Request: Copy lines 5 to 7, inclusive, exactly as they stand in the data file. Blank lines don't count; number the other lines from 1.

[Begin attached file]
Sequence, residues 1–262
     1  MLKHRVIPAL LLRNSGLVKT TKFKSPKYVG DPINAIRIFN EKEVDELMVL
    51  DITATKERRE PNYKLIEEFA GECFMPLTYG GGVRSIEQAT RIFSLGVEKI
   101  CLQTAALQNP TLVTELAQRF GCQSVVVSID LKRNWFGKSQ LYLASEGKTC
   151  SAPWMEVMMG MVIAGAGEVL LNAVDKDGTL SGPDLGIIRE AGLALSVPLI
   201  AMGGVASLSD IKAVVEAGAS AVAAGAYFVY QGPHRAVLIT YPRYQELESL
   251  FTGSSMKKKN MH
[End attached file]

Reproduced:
   151  SAPWMEVMMG MVIAGAGEVL LNAVDKDGTL SGPDLGIIRE AGLALSVPLI
   201  AMGGVASLSD IKAVVEAGAS AVAAGAYFVY QGPHRAVLIT YPRYQELESL
   251  FTGSSMKKKN MH